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The Future is Ours

Black and White school children at "Ngotshe Pact", Louwsberg. N.d, 1986. Photographer unknown. Archived as SAHA collection AL2547_06.1.9Black children under apartheid grew up with little hope of a bright future. They lived in poverty and like their parents were subjected to the hardships and horrors of the brutality of the apartheid regime.  When the National Party came into power in 1948, they introduced a wide range of apartheid laws. These laws aimed to keep black and white people apart in all aspects of social life, and to control the movement and economic activity of black people.

The Bantu Education Act of 1953 affected the lives of black youth directly. Dr Verwoerd, the Minister of Native Affairs at the time, argued that African education should be inferior to that of white education and that Africans should only be trained to become unskilled labourers. He said:

“The Natives will be taught from childhood to realise that equality with Europeans is not for them. There is no place for the Bantu child above the level of certain forms of labour."

Dr. H.F. Verwoerd, 1953. South African Minister of Native Affairs 
School children protesting against the Group Areas Act, 1955. Photographer unknown. Archived as SAHA collection AL2547_6.3.1

Thus, it was very clear that education would not open any doors of opportunity for young black children.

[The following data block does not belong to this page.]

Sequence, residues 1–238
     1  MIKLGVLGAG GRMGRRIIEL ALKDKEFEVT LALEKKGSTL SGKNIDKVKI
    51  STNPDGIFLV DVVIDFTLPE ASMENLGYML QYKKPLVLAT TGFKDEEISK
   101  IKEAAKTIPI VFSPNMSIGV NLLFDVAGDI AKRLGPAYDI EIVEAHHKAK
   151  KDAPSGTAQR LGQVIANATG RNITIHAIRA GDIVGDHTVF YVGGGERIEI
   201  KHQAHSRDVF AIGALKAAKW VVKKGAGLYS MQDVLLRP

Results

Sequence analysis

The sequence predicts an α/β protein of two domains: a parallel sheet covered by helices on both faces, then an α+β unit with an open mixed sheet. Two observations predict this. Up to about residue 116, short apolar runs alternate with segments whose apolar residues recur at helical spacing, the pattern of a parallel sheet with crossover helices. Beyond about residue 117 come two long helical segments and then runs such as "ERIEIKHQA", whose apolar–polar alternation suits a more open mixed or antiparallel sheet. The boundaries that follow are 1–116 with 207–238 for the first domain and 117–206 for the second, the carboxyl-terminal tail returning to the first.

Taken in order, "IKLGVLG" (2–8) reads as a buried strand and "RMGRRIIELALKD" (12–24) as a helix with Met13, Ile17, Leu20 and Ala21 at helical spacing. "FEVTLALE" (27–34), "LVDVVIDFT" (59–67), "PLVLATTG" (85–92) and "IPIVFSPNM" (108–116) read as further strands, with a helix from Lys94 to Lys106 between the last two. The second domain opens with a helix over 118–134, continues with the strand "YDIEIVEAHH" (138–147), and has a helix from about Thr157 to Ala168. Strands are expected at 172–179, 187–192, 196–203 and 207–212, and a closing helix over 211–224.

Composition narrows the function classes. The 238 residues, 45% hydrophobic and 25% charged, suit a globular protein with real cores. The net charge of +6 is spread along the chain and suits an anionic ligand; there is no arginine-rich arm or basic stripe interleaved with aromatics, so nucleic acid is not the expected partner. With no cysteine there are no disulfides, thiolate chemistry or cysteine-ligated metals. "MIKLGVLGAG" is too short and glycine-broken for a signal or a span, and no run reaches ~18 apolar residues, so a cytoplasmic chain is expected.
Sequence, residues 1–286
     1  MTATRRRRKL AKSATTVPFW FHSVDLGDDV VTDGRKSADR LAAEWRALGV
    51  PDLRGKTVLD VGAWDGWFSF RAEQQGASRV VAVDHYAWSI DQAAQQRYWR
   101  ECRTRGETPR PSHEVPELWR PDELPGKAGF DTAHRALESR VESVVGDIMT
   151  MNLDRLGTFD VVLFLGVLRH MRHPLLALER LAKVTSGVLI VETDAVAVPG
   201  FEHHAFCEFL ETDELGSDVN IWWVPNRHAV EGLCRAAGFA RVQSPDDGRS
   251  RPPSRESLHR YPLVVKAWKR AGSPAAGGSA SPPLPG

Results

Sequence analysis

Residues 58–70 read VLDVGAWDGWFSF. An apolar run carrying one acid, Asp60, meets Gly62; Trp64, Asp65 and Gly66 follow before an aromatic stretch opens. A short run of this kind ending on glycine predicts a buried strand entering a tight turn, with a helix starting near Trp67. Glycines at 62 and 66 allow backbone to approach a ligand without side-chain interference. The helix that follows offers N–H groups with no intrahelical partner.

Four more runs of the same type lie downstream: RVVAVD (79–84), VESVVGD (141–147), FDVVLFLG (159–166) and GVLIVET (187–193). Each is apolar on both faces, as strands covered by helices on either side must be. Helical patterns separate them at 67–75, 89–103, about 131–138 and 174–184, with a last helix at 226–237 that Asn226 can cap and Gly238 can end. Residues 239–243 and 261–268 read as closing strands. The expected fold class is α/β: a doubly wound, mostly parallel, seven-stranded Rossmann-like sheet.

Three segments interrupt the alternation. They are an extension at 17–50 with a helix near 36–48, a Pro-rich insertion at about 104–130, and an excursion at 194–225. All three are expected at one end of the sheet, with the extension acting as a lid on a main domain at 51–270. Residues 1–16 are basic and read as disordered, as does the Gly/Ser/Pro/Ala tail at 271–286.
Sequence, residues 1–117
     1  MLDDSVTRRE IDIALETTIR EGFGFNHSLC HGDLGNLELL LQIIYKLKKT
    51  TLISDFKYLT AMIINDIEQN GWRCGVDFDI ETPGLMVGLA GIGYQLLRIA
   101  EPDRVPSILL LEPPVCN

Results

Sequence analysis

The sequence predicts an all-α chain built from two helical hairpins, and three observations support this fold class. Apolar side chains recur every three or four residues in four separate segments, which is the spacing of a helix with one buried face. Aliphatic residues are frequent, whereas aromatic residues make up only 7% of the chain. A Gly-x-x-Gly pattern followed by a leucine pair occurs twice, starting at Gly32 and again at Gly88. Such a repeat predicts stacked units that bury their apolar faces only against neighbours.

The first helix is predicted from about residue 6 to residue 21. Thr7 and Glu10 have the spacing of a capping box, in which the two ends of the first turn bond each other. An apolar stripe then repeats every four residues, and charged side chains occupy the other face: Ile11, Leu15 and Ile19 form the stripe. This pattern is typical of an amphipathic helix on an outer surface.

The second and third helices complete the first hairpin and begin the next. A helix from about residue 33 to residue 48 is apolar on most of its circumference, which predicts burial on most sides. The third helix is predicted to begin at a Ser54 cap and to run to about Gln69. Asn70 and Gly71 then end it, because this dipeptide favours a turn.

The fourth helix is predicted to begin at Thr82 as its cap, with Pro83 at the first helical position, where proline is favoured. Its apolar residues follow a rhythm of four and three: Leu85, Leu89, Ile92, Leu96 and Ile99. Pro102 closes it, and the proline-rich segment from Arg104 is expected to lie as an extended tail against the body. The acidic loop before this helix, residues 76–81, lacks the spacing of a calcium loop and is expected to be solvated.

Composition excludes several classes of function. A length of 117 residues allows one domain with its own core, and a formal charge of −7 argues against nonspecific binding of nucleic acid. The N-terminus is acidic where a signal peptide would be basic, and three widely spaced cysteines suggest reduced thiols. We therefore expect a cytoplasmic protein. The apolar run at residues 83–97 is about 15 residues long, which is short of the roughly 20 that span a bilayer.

However, black youth recognised that if they wanted to advance and improve their lives, they needed a good education. It was therefore in resistance to Bantu education that their angry voices were heard most loudly and strongly

Through their militant action against Bantu Education, the youth became radicalised. They became aware of their own oppression and played an increasingly important role in challenging the apartheid state in the 1980s. They formed youth organisations and joined with wider political organisations to form part of the mass resistance that played a critical role in ending apartheid.

EXhibitions in the classroom

Visualising the past

Analyse photographs

  1. What do you think is happening in the first picture on this page?
  2. What message do you think the photographer is trying to get across? Use evidence from the photograph to explain your answer.
  3. In what time period do you think the second photograph was taken? Look for clues in the photograph.
  4. Provide an interesting caption for this second photograph, which captures the spirit of what is happening.
  5. Do you think that these two photographs are effective as the opening photographs of the exhibition? Explain your answer.


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